Once the link with the East was cut by the Assyrians, Carthage concentrated on the trade with the West. So, the trade relations between Phoenicians and Tartessos from 580 BC (30 years before the death of Argantonio) were no longer with the Phoenicians of Tyre, but with Punic Carthage, which depended heavily on the Tartessos' minerals.

At the same time Carthage was in possession of a powerful navy and had the intention to become the first economic and military power in the western Mediterranean.
The end of Tartessos
After the death of Argantonio (in 550 BC) all the informations about Tartessos disappear abruptly, which together with the fact that the capital of Tartessos has never been found, led to lots of speculation: how could such an important civilization disappear without leaving traces?

Most probably the Carthagineans simply occupied the land of Tartessos. This could happen shortly after the naval battle of Alalia, in which Etruscans and Carthaginians defeated the Greeks. This battle took place in the year 535 BC, five years after the fall of Phocaea in Persian hands, and fifteen years after the death of Argantonio. The route to Iberia was now cut for the Greeks and there were no more possibilities for mutual help between Greeks and Tartessos.

The Greek defeat left the Tartessos without allies and exposed to Punic attack. Indeed it is reported that around 500 BC the Tartessos have been attacked by the Carthaginians, who destroyed their capital and left it without protection from the sea. Also Mainake (Malaga), the Greek city founded under the protection of Tartessos, was destroyed by the same time.

After the fall of the capital the whole empire of Tartessos disappeared. Historical reports indicate that Tartessos had little military defence as their success was always based on trade and friendly relationships with their neighbours.

So Carthage got most of the Spanish Mediterranean coast under its influence.

This situation continued until the Punic Wars between Carthage and Rome for hegemony in the Western Mediterranean.

In the year 146 BC Carthage was totally defeated and the Romans arrived to the Iberian Peninsula. There they found a region called "Turdetania" where the descendants of Tartessos where living. They called this region "Baetica" and the river "Tartessos" which crossed the region was called "Baetis".
References from the Bible
According to several historians, the biblical city "Tarsis" was the capital of the kingdom of Tartessos. Should this be correct, we find multiple mentions:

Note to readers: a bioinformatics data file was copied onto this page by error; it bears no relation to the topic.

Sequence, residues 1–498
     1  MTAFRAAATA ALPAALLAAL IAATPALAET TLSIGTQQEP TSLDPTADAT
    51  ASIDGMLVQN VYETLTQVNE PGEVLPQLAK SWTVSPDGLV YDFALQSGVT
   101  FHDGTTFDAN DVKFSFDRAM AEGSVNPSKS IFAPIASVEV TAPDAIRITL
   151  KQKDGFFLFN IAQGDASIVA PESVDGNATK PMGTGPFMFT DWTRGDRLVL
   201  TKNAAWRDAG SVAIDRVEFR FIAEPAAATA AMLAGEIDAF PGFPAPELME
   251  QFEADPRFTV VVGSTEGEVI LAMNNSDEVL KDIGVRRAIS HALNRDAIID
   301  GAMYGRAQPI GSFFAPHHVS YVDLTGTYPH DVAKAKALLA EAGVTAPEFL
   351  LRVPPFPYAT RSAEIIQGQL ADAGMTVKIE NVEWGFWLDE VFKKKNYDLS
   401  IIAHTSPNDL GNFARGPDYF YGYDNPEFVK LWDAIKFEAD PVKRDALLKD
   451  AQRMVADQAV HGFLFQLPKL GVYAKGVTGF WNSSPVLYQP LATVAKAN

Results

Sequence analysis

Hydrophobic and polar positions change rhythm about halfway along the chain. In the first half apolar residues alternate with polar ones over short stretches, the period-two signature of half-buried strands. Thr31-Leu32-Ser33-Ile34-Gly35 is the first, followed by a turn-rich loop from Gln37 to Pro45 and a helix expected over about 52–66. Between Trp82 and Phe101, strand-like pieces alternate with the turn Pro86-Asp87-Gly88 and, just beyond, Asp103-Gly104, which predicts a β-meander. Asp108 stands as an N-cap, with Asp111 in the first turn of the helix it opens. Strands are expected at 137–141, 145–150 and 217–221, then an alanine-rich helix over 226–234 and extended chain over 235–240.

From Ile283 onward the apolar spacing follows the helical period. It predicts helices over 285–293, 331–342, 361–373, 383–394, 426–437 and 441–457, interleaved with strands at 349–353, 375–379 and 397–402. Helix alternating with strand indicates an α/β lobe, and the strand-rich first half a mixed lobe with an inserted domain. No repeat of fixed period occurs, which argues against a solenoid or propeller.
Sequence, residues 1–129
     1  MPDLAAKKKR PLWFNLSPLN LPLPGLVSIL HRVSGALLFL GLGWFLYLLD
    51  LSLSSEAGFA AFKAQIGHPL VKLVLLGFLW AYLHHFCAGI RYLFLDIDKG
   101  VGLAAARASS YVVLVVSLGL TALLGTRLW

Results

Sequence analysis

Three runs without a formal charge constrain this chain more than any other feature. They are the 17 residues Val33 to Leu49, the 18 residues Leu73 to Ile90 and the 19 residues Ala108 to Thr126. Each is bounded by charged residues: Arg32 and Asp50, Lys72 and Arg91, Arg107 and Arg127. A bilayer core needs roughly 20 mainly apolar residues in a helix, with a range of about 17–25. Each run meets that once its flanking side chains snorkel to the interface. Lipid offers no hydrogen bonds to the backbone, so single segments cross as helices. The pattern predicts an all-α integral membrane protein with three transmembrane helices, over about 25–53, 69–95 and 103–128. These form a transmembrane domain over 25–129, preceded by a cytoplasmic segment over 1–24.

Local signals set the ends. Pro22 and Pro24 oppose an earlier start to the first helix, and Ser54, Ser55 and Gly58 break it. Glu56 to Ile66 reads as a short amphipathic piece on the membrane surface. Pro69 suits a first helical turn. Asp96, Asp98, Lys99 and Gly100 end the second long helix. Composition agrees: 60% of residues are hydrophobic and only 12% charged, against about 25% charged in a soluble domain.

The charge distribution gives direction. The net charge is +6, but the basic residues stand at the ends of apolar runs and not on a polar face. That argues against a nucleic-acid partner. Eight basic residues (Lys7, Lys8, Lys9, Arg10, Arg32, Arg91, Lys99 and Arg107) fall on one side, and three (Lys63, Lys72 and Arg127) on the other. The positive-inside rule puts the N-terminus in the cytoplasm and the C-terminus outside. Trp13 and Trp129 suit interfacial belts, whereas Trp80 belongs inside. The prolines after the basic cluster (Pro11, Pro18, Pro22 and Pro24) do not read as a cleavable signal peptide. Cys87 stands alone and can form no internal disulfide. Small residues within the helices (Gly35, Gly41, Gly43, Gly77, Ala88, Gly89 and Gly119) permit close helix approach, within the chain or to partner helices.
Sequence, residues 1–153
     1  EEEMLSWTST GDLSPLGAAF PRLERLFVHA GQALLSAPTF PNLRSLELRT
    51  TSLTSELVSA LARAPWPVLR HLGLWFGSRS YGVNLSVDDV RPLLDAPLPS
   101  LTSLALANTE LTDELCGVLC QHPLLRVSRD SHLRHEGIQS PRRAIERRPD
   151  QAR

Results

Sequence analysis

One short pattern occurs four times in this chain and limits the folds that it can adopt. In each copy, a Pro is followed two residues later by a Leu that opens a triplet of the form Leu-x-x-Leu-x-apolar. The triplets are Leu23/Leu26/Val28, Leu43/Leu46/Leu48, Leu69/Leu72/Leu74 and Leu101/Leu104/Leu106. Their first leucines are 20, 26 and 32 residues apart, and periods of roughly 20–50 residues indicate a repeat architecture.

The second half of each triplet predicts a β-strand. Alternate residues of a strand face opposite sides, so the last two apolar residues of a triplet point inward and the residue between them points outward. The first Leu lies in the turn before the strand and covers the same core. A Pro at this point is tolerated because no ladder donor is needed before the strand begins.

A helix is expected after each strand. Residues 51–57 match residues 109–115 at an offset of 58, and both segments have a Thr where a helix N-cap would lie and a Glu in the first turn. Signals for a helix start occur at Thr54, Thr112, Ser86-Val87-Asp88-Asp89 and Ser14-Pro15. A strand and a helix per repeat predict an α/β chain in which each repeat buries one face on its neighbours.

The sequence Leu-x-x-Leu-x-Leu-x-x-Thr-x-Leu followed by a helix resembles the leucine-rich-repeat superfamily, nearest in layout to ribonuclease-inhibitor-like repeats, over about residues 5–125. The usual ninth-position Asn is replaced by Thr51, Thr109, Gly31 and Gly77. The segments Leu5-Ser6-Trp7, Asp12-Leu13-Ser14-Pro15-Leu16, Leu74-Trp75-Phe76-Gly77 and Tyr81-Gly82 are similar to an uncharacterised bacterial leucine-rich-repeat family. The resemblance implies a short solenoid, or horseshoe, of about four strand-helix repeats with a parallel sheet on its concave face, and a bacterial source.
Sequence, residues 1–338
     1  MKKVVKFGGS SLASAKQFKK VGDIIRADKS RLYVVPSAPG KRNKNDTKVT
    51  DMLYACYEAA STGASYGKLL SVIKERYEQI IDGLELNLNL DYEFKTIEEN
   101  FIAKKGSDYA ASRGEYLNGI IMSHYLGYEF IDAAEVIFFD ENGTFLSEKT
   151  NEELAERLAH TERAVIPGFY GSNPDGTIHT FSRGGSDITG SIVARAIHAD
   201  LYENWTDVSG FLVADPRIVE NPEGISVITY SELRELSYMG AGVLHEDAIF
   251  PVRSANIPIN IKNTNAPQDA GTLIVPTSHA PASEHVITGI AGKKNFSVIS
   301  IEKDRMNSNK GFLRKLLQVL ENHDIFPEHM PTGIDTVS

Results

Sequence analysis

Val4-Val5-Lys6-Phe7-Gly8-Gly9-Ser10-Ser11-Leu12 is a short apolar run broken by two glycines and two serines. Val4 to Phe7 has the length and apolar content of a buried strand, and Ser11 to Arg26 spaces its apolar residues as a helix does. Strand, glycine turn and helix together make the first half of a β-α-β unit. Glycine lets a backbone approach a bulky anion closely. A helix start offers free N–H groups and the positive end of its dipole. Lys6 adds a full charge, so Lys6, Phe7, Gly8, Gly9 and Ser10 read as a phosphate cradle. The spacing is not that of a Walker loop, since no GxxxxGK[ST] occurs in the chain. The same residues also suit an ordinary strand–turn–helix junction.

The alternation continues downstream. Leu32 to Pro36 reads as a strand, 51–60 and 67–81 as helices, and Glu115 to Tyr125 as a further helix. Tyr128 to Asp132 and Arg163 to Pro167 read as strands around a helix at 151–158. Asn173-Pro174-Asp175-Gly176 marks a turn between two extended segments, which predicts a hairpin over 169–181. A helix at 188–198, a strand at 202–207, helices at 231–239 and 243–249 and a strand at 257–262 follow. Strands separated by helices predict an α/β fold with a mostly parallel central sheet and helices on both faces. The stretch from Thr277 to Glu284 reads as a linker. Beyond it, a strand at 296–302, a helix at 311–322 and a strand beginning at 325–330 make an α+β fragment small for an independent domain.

In the Oracle against Tyre the prophet Ezekiel (27, 12) reports that daß silver, iron, lead and tin were delivered from Tarsis to Tyre and then (most probably) sold to Mesopotamia.

The Book of the Kings I mentions ships from Tarsis, which brought each three years gold, silver, ivory as well as apes and peacocks to the court of King Salomon.

Also Isaías, 2, 12, 16 mentions these "ships from Tharshis".

It is also mentioned that the city of Tharsis was freed from the yoke of the Phoenicians when Sidon and Tyre were defeated.
Findings and excavations
Apart from the previously mentioned treasures and art works which bear witness to the lively trade with other populations of the Mediterranean Foto, the most important findings of the Tartessos are:

Right in the center of Huelva there is the hill Cabezo de San Pedro, where a wall from 9th century BC and pottery from the same period with writings of the Tartessos have been found. Stelae with tartessian writings have also been found in Andalusia, Extremadura and along the Portuguese Algarve.

The ruins of "Tejada La Vieja" Foto in the village Escacena del Campo (Huelva): this town was inhabited between 8th and 4th century BC and was located at the transport route from the mines of Rio Tinto to the ports at the mouth of Guadalquivir river, at a lake called "Ligustino" by the Romans. Today there is no lake anymore but the marshes of Doņana. Rests or the town walls and of homes are relateively well conserved.

At the "Necropolis de la Joya" in Huelva, from 6th to 8th century BC, tartessian tombs and grave goods mainly of bronze have been found: parts of horse carriages Foto, a brazier Foto, a ring Foto, jars Foto, urns Foto and cups.